When I shared this with Will, I learned that people often look at stuff and assume it is worthless, and kids tend to get eager or overwhelmed with trying to clear out their parents’ estate. While the adult children have their own lives to care for, Will said, there still needs to be more connection between assets and their worth, often identified through research and object stories. Will’s solution to this all-too-common issue of preserving assets’ worth beyond a lifetime is to be proactive rather than reactive.
As humans, we like to imagine ourselves as untouchable—that is, until the day when disaster strikes, and we realize we aren’t as invincible as we thought. Nobody wants to think disaster is coming, but we must be prepared for it when it does. The consequence of improper preparation could be losing a collection of high monetary value and the memories that pair with them. Per the Boy Scout motto, it’s always best to be prepared, or as my dad would say, “get organized.”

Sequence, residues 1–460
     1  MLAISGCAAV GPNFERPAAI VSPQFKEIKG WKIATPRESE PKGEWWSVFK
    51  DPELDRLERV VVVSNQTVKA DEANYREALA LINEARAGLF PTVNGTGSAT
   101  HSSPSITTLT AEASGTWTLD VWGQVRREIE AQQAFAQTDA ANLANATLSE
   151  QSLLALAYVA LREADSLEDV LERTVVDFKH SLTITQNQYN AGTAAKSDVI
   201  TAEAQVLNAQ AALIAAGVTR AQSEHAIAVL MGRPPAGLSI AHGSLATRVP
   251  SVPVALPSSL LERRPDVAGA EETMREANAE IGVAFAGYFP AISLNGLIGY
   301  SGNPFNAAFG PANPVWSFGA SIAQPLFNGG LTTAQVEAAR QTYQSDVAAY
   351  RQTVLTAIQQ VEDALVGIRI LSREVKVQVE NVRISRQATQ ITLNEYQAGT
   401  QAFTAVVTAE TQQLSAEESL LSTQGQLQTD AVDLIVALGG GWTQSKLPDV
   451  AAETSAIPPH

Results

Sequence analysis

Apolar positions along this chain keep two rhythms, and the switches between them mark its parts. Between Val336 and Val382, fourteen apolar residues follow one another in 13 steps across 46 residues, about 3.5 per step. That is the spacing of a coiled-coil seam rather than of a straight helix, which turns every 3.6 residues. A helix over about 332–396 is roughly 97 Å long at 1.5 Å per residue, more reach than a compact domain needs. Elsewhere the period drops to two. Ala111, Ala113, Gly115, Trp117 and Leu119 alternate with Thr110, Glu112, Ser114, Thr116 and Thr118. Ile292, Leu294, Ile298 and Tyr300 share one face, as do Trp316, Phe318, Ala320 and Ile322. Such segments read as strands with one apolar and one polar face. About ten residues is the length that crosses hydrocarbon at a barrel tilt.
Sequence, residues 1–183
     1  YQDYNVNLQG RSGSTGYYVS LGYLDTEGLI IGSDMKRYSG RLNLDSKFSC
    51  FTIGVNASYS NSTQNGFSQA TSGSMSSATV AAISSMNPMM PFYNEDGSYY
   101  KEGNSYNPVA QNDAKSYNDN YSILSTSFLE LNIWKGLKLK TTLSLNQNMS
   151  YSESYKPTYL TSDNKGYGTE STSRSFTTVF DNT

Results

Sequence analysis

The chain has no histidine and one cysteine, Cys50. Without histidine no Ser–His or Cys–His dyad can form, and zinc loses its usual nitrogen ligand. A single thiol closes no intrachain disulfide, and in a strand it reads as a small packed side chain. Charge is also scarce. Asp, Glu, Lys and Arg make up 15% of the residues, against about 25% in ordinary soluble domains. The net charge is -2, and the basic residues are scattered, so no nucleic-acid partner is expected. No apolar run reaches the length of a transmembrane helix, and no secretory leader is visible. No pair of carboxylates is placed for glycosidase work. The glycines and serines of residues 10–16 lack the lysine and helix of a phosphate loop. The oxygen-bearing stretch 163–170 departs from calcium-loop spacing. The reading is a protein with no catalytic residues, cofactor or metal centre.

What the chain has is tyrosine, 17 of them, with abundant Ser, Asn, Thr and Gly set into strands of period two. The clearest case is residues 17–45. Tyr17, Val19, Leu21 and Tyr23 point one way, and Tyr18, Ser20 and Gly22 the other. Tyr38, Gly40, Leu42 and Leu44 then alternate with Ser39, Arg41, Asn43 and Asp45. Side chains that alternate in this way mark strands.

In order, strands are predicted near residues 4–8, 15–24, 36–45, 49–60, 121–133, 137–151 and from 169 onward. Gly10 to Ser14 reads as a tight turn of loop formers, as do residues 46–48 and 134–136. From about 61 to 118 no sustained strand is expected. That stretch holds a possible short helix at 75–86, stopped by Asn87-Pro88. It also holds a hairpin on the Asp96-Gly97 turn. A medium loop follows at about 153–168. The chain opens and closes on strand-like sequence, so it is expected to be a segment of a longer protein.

Now, you might wonder, “How do I organize a collection that has accumulated to such a large size over a decade?” or “I have never heard of preserving my collection online. How do I do that?” And indeed, if my parents can do it, then why can’t anyone else?
The WorthPoint Vault